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Ocean Warming Is One of the Big Climate Change Question Marks

Posted on November 30, 2023

Over the summer, we heard a lot about ocean temperatures rising much faster than expected. Scientists and conservationists reported seeing bleached coral and other effects on marine wildlife. The consequences of ocean temperature increases could be more extreme and widespread in 2024 when combined with an anticipated El Niño, according to news reports.

Today’s WatchBlog post looks at our new Science & Technology Spotlight on Ocean Warming—including the big uncertainties that come with predicting future temperature increases and tipping points.

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Photo of fish moving underwater near coral

What’s the outlook?

According to NASA, 2022 was the ocean’s warmest year since modern recordkeeping began in 1955. Estimates indicate that the ocean has absorbed more than 90% of the Earth’s warming since at least 1971, mostly near the surface. Global average sea level has risen 8-9 inches since 1880, in part because water expands as it warms. In places such as Miami Beach, the San Francisco Bay Area, and Norfolk, Virginia substantial investments are being made to cope with frequent flooding that disrupts daily life and business operations.

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Graphic showing the Green House Gas Effect on ocean temperatures.

The future impacts of rising temperatures could be catastrophic. Increased heat absorption can change ocean currents, which move heat around the world. These changes can influence climate patterns and ecosystems in ways that scientists don’t understand well. In addition, rising sea levels can damage infrastructure and make coastal communities more vulnerable to storm surges and flooding. Warmer ocean water also provides more energy for storms to develop and intensify.

Another potential impact is an increase in marine heatwaves—periods of abnormally warm ocean temperatures. Ocean warming is making them more frequent, intense, and prolonged. Marine heatwaves can stress and kill marine life and disrupt ecosystems. For example, they can cause coral bleaching, which can lead to the death of coral reefs and the ecosystems that depend on them.

Yet another possible impact is on the economy. Billions of people rely on ocean fisheries for food and jobs. In the U.S. alone, they accounted for 1.7 million jobs and $253 billion in sales in 2020. In 2022, we reported that some U.S. fisheries managers have begun using climate change information to increase the resilience of their fisheries. But they face challenges, including limited data and modeling information, as well as resource constraints.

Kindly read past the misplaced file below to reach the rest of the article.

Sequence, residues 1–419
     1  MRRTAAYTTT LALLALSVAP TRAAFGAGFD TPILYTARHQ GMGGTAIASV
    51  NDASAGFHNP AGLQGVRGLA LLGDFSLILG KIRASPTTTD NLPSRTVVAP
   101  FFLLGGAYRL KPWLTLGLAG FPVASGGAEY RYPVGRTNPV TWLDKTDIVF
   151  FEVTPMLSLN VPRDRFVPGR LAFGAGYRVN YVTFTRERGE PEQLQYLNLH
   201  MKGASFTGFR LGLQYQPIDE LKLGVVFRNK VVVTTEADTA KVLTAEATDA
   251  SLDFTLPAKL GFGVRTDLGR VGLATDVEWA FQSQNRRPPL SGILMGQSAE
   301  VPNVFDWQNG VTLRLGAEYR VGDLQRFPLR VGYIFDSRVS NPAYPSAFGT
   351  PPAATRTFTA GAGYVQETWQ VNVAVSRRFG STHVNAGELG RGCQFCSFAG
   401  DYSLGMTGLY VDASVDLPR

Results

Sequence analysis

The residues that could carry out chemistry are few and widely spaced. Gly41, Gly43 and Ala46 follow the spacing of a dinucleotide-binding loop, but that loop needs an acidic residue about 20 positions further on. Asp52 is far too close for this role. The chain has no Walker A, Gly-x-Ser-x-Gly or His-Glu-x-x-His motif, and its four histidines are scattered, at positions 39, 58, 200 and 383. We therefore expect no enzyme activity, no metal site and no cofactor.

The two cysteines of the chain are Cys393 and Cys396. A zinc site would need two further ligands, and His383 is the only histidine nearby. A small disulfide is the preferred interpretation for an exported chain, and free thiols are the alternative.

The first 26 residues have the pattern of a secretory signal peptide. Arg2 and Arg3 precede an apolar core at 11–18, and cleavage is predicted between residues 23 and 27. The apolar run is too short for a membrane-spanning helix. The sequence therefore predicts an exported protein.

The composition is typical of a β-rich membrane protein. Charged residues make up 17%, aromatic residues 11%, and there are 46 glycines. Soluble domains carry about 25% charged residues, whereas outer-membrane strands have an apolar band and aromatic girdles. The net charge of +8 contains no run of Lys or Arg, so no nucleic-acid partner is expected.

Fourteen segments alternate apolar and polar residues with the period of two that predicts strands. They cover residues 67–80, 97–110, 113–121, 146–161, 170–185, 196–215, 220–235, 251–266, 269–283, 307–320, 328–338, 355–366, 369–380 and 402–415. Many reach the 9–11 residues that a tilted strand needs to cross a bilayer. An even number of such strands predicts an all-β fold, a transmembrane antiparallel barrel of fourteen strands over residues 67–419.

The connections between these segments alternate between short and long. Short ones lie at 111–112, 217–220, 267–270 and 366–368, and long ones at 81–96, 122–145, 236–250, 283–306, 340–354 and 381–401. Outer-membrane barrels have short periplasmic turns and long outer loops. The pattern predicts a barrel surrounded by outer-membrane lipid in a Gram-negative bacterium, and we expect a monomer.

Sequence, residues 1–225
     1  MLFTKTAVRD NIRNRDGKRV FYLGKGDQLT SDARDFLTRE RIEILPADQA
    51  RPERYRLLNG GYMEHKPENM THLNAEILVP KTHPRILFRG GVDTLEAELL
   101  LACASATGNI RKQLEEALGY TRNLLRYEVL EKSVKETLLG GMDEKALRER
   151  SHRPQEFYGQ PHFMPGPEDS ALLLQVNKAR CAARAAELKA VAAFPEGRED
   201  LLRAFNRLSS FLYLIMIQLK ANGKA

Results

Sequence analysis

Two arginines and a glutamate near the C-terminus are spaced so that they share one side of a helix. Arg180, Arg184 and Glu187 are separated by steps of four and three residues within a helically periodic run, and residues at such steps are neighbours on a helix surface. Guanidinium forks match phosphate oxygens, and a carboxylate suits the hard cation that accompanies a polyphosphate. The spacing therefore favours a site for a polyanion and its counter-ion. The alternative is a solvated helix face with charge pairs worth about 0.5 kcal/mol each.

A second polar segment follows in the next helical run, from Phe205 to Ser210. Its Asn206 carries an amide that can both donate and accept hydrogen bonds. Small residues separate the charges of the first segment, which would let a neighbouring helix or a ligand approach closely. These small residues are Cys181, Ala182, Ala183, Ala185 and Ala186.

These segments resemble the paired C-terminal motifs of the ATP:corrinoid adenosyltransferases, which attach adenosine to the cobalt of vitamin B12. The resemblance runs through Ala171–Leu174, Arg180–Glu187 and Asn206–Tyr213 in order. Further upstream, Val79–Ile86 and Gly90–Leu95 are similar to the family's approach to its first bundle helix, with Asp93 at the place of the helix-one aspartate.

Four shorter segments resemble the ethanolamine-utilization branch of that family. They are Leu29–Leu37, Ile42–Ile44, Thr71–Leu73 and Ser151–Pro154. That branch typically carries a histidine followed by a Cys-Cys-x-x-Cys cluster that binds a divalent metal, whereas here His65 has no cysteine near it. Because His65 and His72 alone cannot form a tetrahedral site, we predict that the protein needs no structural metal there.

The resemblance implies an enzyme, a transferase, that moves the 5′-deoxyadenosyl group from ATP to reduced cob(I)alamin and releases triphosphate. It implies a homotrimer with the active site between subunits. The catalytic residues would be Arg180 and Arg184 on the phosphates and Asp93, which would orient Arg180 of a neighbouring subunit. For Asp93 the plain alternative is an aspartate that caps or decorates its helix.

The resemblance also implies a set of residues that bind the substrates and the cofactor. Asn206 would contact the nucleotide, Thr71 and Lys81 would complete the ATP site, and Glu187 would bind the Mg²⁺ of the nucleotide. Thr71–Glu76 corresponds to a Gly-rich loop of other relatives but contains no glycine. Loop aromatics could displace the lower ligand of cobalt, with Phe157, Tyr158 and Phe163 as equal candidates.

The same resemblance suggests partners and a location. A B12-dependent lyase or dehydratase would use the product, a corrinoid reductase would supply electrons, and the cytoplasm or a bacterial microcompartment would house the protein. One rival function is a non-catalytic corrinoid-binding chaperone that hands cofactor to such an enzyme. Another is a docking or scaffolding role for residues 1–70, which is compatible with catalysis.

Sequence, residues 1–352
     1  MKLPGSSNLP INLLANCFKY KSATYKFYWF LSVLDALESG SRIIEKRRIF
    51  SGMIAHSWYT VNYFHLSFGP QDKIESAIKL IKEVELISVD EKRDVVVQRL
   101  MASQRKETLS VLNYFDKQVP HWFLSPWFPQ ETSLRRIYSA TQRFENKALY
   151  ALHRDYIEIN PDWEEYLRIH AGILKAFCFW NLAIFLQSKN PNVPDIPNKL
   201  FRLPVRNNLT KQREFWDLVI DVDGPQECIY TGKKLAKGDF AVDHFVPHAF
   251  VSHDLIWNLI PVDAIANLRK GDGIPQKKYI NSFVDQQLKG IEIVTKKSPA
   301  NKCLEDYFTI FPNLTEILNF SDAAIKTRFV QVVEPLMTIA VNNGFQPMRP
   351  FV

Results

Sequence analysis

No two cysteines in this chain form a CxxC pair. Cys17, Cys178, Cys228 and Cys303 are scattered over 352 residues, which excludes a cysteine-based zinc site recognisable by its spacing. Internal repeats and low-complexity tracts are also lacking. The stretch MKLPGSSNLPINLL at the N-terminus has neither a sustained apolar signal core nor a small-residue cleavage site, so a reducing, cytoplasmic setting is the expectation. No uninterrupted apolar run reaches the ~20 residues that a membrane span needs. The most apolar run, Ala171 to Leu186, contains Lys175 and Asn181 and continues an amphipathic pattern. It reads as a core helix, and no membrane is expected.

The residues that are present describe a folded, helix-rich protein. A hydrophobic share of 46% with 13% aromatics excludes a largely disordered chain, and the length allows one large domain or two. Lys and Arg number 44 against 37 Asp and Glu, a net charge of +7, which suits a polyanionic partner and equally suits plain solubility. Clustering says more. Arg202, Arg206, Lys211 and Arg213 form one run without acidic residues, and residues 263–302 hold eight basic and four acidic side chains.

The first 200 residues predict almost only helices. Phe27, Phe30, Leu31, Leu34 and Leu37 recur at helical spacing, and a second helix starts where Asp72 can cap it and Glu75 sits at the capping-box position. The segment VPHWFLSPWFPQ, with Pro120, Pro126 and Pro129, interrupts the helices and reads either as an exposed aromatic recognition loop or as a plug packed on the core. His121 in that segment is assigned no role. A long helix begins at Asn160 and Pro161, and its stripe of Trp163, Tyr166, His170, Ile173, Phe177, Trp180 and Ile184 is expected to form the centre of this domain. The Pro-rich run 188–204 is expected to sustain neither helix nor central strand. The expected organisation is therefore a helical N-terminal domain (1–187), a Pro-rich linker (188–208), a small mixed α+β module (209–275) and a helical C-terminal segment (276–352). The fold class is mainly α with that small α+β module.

Predicting future temperature increases and tipping points

Some studies suggest that major changes in the ocean and the climate can happen as soon as a few years from now. But forecasting such changes is difficult. Scientists must grapple with natural variability in the global climate, limitations of climate models, and measurement errors from imprecise instruments. Communicating these complexities and uncertainties is also challenging.

Even so, some researchers predict that there are several potential tipping points, or thresholds, beyond which changes could become irreversible. Examples include the collapse of the Greenland ice sheet, the collapse of the West Antarctic ice sheet, tropical coral reef die-off, and permafrost thawing.

Studies of Earth’s history, using tree rings, ocean sediments, and ice cores, show tipping points occurring through large, rapid changes over the course of decades or as little as a few years. One such tipping point was reached about 12,000 years ago, ending the most recent Ice Age. This event is also associated with the extinction of over 70% of large mammals in North America. 

Our Spotlight on ocean warming looks at opportunities and policy questions that could help scientists and Congress respond to this crisis. Learn more about our work and the impacts of ocean warming by checking out this new work.


  • GAO’s fact-based, nonpartisan information helps Congress and federal agencies improve government. The WatchBlog lets us contextualize GAO’s work a little more for the public. Check out more of our posts at GAO.gov/blog.